Commentary

Bill eliminating Gary gun lawsuit sets dangerous precedent

February 8, 2024 7:00 am

Indiana Republican legislators want to eliminate a firearms lawsuit 25 years after it was filed. (Ethan Miller/Getty Images)

When I was in the active practice of law, I was used to winning some cases and losing others. When my client lost at the trial level, I would sometimes appeal to a higher court if I felt the legal rules had not been applied correctly at the trial court level. Regardless of the result, I respected the judicial process and the role our courts played in resolving disputes. 

A bill now moving through the General Assembly threatens to upend Indiana’s judicial system.

House Bill 1235, introduced by Rep. Chris Jeter, R-Fishers, and already passed by the Indiana House, is intended to end an almost 25-year-old case brought by the City of Gary by changing the legal rules on who can bring a case to court retroactively. The details of the case should not be the main concern here; rather, we should look more closely at and fully understand the dangerous precedent this bill will set. 

When two parties are engaged in litigation both sides are entitled to a judicial process where there is a judge who acts as an umpire of sorts as the case proceeds toward an eventual trial. There is an appeals process to resolve significant legal issues that may arise during any lawsuit. Sometimes you win, and sometimes you lose, but the legal process is one that all parties follow out of respect for our system of law. 

In the City of Gary’s case, they have gone through the appellate process three separate times and significant legal issues about the lawsuit have been heard by the Indiana Court of Appeals as well as the Indiana Supreme Court. These appellate courts in Indiana have determined — not once, not twice, but three times — that Gary’s case has merit and should proceed to a jury trial. Yet, the defendants in this lawsuit will not accept these rulings. 

Unprecedented

HB 1235 is unprecedented in its reach and brazenness. Unlike previous versions of legislation where gun manufacturers are shielded from lawful activity, HB 1235 could shield an entire industry from unlawful activity – even when it is knowingly unlawful. This legislation prohibits all cities and towns in Indiana from seeking judicial recourse for any harm caused by a “firearm or ammunition manufacturer, trade association, seller or dealer.”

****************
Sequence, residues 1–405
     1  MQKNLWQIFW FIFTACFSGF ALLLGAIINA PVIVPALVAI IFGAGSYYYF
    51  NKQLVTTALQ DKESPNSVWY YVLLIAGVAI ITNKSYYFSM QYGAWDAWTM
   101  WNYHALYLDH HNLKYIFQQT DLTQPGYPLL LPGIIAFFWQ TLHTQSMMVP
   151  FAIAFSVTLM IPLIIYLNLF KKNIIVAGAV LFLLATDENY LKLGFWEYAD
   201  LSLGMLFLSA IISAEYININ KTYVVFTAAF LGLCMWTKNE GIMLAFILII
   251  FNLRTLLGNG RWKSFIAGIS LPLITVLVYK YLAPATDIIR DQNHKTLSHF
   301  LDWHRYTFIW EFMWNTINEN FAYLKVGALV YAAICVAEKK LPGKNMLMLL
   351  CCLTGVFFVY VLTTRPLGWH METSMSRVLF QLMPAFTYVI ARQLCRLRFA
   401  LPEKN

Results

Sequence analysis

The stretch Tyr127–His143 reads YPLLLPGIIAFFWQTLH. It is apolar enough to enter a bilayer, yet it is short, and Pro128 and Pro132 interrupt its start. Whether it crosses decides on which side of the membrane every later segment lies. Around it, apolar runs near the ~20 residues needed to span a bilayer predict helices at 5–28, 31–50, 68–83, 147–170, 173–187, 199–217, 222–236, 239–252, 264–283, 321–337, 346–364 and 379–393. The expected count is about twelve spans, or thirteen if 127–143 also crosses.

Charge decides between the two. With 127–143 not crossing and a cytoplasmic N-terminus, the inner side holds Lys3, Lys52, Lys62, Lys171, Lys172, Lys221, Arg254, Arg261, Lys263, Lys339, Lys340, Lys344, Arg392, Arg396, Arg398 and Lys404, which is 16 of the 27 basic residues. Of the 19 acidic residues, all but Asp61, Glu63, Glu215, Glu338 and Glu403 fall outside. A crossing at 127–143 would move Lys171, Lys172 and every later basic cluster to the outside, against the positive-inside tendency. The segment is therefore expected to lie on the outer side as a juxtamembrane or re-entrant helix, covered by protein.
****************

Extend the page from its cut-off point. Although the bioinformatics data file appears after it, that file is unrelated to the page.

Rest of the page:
In other words, the General Assembly would be placing an entire industry above the law. In addition, it would retroactively take the option of bringing a lawsuit like this away from local elected officials and transfer it to the Indiana Attorney General. 

HB 1235 would strip power from the judicial branch and transfer it to the legislative branch. Checks and balances are the lifeblood of our democracy. The U.S. and Indiana Constitutions provide for the separation of powers to prevent one branch from usurping the powers of other branches. Taking one branch’s power from another puts a thumb on the scale and tips it in one direction. 

Five of the defendants in Gary’s lawsuit sit on the board of the trade organization that has endorsed and promoted this bill, which would conveniently get rid of the lawsuit they’re facing. It is clear why this bill has been introduced and why it is empowering one branch at the expense of another – and, ultimately, who benefits. 

There’s more at stake here for all of Indiana than one lawsuit. This bill is an attack on the separation of powers, Indiana’s judicial system, and the rule of law. If this can happen in this case, why not in others? Lose in the courts? Don’t worry, if you have the clout, ask your legislators to change the rules, retroactively, to save you. 

Legislators must consider the consequences of undermining Indiana’s Constitution and setting such a dangerous and unwarranted precedent. They should reject HB 1235 and let the facts and evidence – and the courts – decide this case.

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Paul Helmke
Paul Helmke

Paul Helmke is Professor of Practice at the O'Neill School of Public and Environmental Affairs, Indiana University in Bloomington. He previously served as mayor of Fort Wayne from 1988-2000 and was President/CEO of the Brady Center/Campaign to Prevent Gun Violence from 2006-2011.

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